Like many Americans flung far across the political spectrum, I was dismayed (if not especially surprised) to see President Trump on Tuesday go through with his threat to end Deferred Action for Childhood Arrivals (DACA), the Obama-era program that allows immigrants brought to the United States illegally as children to work and go to college without fear of deportation.
I make no claim of expertise in the labyrinthine complexities of modern American immigration policy, and so I typically leave commentary on the topic to others — except where truly egregious offenses against common sense or individual liberty are involved. DACA is falls into that category. Dumping young people who have committed no crime into countries they do not know with languages they do not speak is cruel and utterly unnecessary to the security of the United States. In at least one known case, it proved lethal.
Unfortunately, as others including Sen. Rand Paul (R-Ky.) have already noted, the way the Obama Administration implemented DACA — using an executive order requiring federal immigration agents to focus on deporting people other than the DACA kids — was at the very least open to serious constitutional challenge, because the Constitution gives Congress alone the power to “establish an uniform Rule of Naturalization.”
That some DACA opponents have used the constitutional argument as cover for gross hypocrisy and racism does not change the fact that this was a bad way to implement a good idea, because it exposed the program to exactly this sort of undoing. And in that sense, if Congress manages to rise to the challenge of passing a real DACA law during the six-month window Trump allowed before the program is shuttered, the final result will be a far more secure situation for DACA participants, making them invulnerable to the whims of whoever ends up president next.
Such a constitutional challenge was already brewing before Trump’s decision, as about a dozen states, most notably Texas, had announced a plan to sue the federal government if DACA remained in its original, executive-order incarnation (Of course, the real objection was not fidelity to the Constitution but a desire to see DACA shut down and the constitutional argument happened to be legally handy.).
But the really interesting thing is that now, after Trump’s decision, a different group of states plan to sue, led this time by New York and California. I’m not sure it will go anywhere and I’d rather see an unassailable DACA made in Congress instead of a revived executive order, but I deeply hope this suit happens, because it stands a chance to challenge the whole executive order system from the ground up.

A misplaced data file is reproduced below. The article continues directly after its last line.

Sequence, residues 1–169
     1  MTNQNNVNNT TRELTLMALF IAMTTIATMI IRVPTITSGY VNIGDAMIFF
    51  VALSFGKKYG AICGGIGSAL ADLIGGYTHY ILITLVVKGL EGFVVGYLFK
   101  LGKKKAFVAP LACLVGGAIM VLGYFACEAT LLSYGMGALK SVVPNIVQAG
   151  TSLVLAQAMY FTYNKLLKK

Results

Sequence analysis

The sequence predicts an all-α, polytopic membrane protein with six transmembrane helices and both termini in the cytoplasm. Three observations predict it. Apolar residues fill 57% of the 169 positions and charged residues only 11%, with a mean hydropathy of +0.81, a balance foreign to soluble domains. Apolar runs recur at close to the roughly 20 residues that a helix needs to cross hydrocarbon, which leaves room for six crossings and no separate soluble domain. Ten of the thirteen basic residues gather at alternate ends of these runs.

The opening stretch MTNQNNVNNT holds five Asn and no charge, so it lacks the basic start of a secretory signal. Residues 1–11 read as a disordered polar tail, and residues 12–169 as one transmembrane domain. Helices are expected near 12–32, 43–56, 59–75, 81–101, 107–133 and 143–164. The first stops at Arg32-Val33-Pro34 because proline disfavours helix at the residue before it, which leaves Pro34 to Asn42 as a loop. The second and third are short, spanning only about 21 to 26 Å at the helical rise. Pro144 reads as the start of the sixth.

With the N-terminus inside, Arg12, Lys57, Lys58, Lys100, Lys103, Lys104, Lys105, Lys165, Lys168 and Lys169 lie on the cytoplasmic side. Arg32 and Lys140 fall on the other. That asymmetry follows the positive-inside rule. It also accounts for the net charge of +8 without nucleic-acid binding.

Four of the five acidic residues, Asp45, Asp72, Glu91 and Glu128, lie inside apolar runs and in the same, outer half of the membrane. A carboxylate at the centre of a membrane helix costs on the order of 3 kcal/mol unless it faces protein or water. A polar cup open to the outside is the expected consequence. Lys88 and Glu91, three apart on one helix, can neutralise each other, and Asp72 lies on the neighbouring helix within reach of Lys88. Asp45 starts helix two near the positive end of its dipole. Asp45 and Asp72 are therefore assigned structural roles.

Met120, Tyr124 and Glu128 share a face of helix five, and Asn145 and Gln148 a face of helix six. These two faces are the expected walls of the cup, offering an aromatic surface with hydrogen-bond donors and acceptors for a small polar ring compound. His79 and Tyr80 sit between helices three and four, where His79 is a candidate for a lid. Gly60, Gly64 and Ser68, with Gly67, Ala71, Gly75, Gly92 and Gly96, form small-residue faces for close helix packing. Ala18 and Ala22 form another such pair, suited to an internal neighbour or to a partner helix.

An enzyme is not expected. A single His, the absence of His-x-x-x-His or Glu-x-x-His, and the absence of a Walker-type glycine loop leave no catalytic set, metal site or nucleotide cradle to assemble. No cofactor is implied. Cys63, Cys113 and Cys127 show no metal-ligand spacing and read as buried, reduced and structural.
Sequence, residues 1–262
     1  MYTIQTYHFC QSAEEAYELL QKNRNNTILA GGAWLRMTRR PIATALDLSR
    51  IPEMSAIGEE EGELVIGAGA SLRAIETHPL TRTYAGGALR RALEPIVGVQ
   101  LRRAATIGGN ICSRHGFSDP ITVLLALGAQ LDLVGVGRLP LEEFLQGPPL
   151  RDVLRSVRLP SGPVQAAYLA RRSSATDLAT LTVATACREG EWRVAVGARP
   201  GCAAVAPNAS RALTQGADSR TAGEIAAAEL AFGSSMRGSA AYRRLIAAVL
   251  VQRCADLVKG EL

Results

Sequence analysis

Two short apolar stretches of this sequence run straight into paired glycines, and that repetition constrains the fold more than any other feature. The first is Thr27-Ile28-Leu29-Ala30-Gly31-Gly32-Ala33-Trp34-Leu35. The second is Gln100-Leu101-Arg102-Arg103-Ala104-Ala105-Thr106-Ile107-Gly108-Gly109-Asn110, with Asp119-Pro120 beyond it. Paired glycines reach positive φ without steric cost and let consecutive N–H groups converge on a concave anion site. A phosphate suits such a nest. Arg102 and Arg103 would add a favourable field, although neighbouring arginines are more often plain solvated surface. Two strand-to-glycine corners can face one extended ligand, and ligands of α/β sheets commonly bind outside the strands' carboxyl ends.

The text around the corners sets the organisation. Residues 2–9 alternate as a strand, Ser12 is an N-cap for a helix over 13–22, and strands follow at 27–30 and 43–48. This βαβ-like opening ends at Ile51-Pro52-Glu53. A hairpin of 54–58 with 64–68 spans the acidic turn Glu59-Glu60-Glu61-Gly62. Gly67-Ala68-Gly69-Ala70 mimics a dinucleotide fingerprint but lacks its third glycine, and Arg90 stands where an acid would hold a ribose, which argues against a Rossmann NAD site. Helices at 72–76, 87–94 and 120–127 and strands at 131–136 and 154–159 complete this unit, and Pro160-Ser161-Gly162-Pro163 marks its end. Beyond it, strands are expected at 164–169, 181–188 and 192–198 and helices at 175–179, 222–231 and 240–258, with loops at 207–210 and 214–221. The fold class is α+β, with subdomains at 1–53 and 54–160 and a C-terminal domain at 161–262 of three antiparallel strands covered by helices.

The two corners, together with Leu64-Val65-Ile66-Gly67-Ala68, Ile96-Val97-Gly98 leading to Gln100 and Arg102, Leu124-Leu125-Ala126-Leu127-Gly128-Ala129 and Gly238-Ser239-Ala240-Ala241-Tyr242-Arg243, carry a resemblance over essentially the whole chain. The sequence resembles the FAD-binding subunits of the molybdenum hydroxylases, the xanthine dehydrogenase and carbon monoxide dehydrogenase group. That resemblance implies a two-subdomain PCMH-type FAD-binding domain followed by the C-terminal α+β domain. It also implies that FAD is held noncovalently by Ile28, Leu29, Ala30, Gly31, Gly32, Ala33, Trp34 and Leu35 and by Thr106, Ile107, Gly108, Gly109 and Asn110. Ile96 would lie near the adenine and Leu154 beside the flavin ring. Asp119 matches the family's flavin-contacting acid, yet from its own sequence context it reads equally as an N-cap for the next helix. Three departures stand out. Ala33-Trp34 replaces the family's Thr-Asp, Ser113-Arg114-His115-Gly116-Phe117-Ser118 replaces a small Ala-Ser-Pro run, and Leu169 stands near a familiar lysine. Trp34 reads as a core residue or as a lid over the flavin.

You see, executive orders aren’t in the Constitution. At all. They’ve been happening for a long time — George Washington himself used a grand total of eight— but longevity is not legitimacy. The executive order system is particularly worth reexamining given the dangerous overgrowth of modern presidential power.
The trouble with executive orders is how widely they can vary in scope. Some could very reasonably be argued to be a normal, constitutional function of the president’s administrative powers, instructing federal agencies on how to execute and prioritize the laws Congress passes. (That’s an important presidential discretion, especially when it comes to not enforcing laws the president believes are unconstitutional, as opposed to ones he simply dislikes.) There’s a case to be made that’s what DACA does.
Other times, executive orders are used to usurp the policy-making role the Constitution assigns to Congress, not the President, undermining the basic balance of power on which our system of government is predicated. There’s also a case to be made that this is what DACA does.
When the New York-California coalition sues, it will need legal standing to make it into court. As Jazz Shaw asks at HotAir, what will that standing be? “Sue the President for what?” Shaw questions. “For signing an executive order which essentially just rolls back another executive order signed by the last president?”
This is where it gets interesting: We could see state governments challenging the legitimacy of (as the states would argue) a policy-making executive order. “At this point I’d actually love to see [them] try it,” Shaw writes. “The challenges to the result (whichever way it goes) would be a fascinating study in constitutional law.”
It would indeed be a much-overdue interrogation of the function of our imperial presidency, and the matter at hand, DACA, would ensure rapt national attention. So regardless of what Congress does about DACA, I say let’s have this lawsuit, and let’s use it to cut the presidency down to size.